There were some intriguing differences between the two toddlers. While Donald could recognize people by face, Gua came to know them by clothes and smell. And while Donald was the usual human baby pain in the ass, Gua was incredibly obedient and submissive.
But after a few months Gua’s development slowed while Donald’s picked up. Gua’s motor skills continued to surpass his, but she lagged in things like toilet training. And speech never came to her; in fact the experiment was ended one day in March of 1932 when Donald came into the kitchen and made chimp grunts to ask his mother for a cookie. The Kelloggs had discovered that human/chimp co-development cut both ways.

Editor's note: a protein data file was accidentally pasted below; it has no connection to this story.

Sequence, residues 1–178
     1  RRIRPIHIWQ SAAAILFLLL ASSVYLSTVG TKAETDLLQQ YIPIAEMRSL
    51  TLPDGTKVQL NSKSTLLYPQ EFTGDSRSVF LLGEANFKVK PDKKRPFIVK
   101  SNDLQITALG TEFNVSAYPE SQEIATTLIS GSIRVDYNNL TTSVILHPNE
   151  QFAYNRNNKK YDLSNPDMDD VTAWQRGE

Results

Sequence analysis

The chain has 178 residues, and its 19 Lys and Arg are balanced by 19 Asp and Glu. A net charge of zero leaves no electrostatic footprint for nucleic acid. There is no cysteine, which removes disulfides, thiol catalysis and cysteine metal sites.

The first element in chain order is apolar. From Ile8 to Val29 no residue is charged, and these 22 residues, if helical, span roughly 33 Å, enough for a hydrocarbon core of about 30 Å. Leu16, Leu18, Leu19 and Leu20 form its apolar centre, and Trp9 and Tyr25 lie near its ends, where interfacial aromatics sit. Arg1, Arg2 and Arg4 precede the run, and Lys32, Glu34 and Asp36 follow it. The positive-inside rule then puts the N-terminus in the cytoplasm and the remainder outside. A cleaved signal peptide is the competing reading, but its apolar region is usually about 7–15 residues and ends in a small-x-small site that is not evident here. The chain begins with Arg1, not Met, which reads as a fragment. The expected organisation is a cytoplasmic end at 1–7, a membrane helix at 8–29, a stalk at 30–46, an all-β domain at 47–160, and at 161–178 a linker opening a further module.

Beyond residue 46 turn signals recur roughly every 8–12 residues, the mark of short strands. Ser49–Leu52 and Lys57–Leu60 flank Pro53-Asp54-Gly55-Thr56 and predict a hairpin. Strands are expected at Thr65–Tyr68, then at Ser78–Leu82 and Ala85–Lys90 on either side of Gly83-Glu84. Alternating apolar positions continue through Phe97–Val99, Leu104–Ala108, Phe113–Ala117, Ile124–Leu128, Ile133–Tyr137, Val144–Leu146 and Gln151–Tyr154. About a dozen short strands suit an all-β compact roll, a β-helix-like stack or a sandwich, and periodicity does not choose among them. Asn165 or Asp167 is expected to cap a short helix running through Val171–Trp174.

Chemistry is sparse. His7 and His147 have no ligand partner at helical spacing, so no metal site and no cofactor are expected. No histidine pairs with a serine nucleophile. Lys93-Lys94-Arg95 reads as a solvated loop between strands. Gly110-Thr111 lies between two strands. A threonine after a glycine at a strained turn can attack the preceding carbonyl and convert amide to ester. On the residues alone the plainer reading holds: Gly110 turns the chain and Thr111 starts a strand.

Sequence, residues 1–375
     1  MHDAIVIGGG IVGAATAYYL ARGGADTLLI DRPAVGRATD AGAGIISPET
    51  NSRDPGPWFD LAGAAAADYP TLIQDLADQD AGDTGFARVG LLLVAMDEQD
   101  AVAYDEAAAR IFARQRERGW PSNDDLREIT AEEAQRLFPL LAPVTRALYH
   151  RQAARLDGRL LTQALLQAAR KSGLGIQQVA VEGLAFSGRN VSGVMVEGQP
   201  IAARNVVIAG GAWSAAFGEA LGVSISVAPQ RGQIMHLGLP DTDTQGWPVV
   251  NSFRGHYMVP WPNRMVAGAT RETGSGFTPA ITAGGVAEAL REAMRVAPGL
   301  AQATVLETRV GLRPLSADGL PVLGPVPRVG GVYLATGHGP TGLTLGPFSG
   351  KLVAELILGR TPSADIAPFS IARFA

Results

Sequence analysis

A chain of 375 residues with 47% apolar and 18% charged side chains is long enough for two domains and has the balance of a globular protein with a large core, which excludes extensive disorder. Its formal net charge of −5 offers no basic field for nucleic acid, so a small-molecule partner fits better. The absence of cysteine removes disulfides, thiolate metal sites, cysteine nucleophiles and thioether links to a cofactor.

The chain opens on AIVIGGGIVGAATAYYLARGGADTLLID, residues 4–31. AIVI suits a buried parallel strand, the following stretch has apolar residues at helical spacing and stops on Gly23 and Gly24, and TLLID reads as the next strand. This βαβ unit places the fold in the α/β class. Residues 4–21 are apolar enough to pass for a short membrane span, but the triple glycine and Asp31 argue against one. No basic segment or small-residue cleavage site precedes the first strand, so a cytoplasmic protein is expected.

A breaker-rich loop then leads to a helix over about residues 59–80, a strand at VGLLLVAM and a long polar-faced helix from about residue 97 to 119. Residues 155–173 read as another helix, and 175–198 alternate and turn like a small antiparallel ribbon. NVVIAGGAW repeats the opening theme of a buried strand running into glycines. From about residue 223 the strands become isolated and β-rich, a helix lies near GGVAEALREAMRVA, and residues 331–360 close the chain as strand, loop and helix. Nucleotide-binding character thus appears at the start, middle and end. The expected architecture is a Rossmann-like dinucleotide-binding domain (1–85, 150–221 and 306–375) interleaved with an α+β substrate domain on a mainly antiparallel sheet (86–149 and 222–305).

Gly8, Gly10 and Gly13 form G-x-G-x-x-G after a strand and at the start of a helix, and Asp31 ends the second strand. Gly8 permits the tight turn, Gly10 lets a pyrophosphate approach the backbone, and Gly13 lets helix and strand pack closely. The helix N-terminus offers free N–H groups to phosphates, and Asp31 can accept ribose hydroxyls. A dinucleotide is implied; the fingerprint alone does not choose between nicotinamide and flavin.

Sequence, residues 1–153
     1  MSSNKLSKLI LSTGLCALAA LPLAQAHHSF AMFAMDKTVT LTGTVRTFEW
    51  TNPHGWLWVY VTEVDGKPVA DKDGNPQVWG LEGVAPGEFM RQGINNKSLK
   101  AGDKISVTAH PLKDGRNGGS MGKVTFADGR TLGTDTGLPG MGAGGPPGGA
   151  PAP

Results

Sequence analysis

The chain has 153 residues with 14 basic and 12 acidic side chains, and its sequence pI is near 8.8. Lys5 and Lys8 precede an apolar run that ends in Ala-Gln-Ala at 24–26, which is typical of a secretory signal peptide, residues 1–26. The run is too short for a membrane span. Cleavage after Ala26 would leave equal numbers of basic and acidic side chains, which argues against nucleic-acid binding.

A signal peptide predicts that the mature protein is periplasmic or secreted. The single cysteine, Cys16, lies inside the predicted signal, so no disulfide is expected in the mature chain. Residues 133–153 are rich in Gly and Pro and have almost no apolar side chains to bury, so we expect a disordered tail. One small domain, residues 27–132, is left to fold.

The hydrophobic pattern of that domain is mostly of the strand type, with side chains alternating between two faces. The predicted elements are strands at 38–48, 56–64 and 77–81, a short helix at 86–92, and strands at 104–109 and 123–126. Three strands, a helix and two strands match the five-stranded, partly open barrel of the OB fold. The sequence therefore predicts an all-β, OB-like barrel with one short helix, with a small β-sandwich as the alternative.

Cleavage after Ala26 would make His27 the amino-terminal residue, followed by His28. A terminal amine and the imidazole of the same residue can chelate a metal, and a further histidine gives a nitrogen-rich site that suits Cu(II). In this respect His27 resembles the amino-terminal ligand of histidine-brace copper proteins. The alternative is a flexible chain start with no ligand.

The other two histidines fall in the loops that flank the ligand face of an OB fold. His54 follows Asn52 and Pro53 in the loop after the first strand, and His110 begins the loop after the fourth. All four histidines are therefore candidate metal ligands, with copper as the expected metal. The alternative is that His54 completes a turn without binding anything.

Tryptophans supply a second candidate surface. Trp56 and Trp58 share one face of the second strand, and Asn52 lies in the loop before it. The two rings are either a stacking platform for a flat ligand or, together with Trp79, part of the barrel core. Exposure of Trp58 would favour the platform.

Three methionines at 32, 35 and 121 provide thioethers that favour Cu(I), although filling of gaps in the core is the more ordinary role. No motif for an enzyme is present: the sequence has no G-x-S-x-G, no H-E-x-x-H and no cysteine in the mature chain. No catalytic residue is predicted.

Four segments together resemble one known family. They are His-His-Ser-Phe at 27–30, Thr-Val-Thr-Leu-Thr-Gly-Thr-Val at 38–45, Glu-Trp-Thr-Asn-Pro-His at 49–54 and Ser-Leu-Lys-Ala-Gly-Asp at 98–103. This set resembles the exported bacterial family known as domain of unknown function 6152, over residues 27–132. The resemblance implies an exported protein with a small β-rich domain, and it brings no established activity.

Gua was sent back to the primate center from which she came, and died not long after. Donald made it to the age of 43, and then committed suicide. Winthrop wrote a book called The Ape and the Child.
Here’s footage of Gua and Donald together in happier times. You probably want to mute the bizarre techno music. Not sure what Dr. Kellogg was thinking with that.
By the way, I think we need more scientific experiments that include chimp tickling.